Supervisory power is critical to Fed
By Ernest T. Patrikis and John R. Dearie
On Dec. 11, the House Financial Services Committee passed a financial reform bill that would preserve and even expand the Federal Reserve’s role as a supervisor of large financial institutions. In the Senate, meanwhile, a consensus has reportedly emerged that the Fed should be stripped of all supervisory powers. Doing so would severely undermine the strength, effectiveness and credibility of the world’s premier central bank, with very negative implications for the stability of the U.S. financial system and, therefore, the productive capacity of the U.S. economy.
The apparent consensus among most Senate Banking Committee members seems to be based on two principal notions: first, that the Fed’s supervisory record during the recent financial crisis was one of utter failure; and second, that supervisory duties are a burden to the Fed and distract the central bank from its “core” responsibility as the monetary authority and lender of last resort. Both notions are incorrect and should not drive policymakers’ reform deliberations.
The notion that the Fed is a supervisory failure is refuted by the facts. Most of the notorious names of the recent crisis — Bear Stearns, Lehman Brothers, Merrill Lynch, Countrywide, Washington Mutual, IndyMac, American International Group, Fannie Mae and Freddie Mac — were not supervised by the Fed, at either the subsidiary or the holding-company level.
The Fed supervises state-chartered banks that are members of the Federal Reserve System and all bank holding companies. Of the more than 5,500 BHCs supervised by the Fed, only two sustained losses during the crisis that threatened their survival. Indeed, three of the largest Fed-supervised BHCs served as instruments of stabilization and recovery by absorbing other failing institutions — Wells Fargo absorbed Wachovia; JPMorgan Chase absorbed Bear Stearns and Washington Mutual; and Bank of America absorbed Countrywide and Merrill Lynch.
In 2009 and 2010, about 100 FDIC-supervised banks, 30 OCC-supervised banks and 25 OTS-supervised thrifts failed, compared with just 17 Fed-supervised banks. This is not to argue that any particular supervisor is better than the others — all performed at subpar levels, and significant improvement is necessary. But characterizations of the Fed as a “supervisory failure” are demonstrably incorrect.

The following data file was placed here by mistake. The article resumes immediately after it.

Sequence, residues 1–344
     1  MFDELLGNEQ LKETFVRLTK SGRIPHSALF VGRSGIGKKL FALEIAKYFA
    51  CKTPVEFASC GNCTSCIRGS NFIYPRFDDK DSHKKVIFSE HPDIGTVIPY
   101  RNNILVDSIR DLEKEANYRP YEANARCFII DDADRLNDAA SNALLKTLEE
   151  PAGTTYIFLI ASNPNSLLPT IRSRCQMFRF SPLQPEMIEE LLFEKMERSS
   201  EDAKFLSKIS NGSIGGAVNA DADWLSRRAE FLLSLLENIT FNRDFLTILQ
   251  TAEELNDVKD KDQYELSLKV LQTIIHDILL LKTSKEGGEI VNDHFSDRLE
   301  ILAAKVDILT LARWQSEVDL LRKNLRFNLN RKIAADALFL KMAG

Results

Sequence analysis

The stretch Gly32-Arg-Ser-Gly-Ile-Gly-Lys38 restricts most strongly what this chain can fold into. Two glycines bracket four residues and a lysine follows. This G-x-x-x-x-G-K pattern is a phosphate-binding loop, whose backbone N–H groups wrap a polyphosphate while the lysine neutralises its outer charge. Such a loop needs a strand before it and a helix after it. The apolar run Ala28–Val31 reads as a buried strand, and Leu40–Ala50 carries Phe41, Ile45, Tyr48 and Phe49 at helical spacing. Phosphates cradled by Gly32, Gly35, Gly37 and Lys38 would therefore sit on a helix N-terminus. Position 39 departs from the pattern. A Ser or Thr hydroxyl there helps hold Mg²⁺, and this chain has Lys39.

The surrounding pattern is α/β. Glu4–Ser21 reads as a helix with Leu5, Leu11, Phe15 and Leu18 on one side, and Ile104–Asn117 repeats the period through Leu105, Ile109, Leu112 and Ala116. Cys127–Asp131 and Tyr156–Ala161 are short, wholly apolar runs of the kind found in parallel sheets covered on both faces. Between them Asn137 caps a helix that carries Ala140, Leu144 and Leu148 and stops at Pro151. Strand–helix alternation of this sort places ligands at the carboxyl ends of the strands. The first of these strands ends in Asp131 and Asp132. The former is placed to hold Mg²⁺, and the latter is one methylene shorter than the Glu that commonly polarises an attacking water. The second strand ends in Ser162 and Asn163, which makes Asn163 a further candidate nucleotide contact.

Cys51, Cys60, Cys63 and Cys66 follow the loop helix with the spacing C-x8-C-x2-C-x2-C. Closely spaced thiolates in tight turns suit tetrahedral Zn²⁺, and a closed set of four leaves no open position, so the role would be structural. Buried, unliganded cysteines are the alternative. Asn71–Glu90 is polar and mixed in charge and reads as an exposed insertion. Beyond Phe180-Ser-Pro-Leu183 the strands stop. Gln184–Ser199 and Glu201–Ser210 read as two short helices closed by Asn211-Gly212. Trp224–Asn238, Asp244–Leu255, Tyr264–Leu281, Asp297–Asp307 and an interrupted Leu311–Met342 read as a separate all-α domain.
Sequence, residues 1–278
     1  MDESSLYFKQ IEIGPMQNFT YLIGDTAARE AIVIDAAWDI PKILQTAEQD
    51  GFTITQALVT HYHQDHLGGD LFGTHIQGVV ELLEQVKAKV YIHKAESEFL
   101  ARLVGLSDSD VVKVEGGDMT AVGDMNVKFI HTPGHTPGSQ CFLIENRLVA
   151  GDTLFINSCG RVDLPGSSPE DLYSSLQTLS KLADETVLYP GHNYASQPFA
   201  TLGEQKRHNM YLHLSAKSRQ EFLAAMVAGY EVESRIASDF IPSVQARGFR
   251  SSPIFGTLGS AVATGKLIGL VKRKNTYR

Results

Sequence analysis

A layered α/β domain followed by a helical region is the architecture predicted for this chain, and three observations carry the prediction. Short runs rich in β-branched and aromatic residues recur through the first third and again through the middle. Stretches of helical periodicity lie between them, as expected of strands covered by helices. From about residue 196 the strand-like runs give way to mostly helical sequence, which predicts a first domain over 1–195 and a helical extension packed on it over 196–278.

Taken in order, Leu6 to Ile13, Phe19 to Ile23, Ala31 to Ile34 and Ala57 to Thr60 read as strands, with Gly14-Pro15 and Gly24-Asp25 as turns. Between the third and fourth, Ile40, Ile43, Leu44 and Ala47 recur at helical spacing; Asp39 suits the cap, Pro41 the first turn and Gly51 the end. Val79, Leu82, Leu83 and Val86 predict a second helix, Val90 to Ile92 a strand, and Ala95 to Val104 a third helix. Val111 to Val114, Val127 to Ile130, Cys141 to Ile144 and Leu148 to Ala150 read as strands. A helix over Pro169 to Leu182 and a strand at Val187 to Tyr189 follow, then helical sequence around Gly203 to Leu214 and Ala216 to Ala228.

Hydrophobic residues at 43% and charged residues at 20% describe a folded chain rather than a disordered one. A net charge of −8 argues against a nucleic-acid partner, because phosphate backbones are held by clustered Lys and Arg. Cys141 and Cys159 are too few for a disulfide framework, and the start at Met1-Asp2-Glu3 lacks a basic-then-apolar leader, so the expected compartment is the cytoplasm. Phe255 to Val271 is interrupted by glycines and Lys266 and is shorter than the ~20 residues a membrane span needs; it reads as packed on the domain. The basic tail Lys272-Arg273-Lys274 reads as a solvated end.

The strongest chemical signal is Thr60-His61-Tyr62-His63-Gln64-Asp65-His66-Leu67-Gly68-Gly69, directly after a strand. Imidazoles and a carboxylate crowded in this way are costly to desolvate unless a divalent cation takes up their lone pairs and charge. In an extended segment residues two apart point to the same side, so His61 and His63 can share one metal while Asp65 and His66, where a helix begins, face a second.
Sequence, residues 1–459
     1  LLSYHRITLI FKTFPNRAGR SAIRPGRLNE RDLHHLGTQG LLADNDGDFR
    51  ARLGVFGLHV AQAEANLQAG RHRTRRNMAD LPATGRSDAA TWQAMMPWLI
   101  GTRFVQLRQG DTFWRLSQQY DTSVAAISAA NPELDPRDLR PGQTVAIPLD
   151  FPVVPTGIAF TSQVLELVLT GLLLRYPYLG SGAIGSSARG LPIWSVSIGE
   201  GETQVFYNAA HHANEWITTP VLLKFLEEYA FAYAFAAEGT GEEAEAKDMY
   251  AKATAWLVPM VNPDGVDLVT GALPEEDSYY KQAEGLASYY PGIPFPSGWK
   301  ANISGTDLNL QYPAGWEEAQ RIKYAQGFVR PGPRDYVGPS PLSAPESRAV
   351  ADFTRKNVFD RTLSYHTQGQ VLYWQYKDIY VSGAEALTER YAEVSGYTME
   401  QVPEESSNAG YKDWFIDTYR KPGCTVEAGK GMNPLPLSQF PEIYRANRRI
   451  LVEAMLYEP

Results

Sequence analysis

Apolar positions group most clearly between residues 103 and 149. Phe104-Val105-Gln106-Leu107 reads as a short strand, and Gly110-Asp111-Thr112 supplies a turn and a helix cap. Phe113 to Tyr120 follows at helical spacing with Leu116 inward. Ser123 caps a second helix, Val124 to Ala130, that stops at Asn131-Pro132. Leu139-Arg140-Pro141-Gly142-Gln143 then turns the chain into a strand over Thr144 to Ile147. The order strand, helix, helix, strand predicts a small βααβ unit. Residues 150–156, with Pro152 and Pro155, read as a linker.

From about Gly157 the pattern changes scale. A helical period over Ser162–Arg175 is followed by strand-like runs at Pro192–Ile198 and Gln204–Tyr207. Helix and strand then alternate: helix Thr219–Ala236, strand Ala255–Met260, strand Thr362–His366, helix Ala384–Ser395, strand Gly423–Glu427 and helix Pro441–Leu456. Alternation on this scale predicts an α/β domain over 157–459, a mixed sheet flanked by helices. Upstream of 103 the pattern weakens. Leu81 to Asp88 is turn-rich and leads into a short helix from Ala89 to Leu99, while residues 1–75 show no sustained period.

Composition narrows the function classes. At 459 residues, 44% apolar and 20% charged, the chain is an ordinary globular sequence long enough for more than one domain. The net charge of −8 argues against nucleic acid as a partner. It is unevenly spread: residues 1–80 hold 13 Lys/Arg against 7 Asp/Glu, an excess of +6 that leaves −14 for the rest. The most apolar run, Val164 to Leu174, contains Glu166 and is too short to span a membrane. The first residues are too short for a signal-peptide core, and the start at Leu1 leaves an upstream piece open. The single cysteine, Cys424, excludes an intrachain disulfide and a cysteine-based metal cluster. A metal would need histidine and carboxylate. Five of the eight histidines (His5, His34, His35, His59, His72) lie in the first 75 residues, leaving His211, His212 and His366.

The argument that supervisory activities overburden or distract the Fed from its primary duties is equally spurious. Far from a distraction, supervision is consistent with and supportive of the Fed’s critical role as the monetary authority and lender of last resort for the very simple and straightforward reason that financial institutions are the transmission belt of monetary policy.
Firsthand knowledge of the activities, condition and risk profiles of the financial institutions through which it conducts open-market operations — or to which it might extend discount window lending — is critical to the Fed’s effectiveness as the monetary authority. Indeed, we suggest that Congress consider creating a second vice chairman for the Federal Reserve Board, who would be nominated and confirmed to head the Fed’s supervisory program.
The Fed also has unrivaled institutional experience as a supervisor. It has been a supervisor of financial institutions since its creation by Congress in 1913, has supervised bank holding companies since those entities first became subject to federal supervision in 1956 and was designated by the Gramm-Leach-Bliley Act of 1999 as the “umbrella supervisor” of financial conglomerates that include banking, securities and insurance entities.
U.S. policymakers should also be mindful of international trends. In the United Kingdom, serious consideration is being given to shifting bank supervision back to the Bank of England, and in Germany, the new coalition government announced in October that significant supervisory powers would be shifted to the Bundesbank from the financial market regulator, known as BaFin.
Americans are justifiably angry about the financial crisis and its impact on the broader economy. The Fed is a convenient target, given the central role it played in combating the recent financial crisis. But punishing the Fed would be like attacking the fire department for water damage caused while saving the neighborhood from a catastrophic fire. More fundamentally, the goal of financial reform is a supervisory framework that makes our financial system more stable, flexible and resilient. Achieving that goal requires a central bank that is strong, effective and credible — and supervisory power is essential to that important objective.
Ernest T. Patrikis, a partner at White & Case LLP, spent 30 years at the Federal Reserve Bank of New York, serving as general counsel and later as first vice president and chief operating officer. John R. Dearie served in the Bank Supervision Group of the Federal Reserve Bank of New York from 1990 to 2000.
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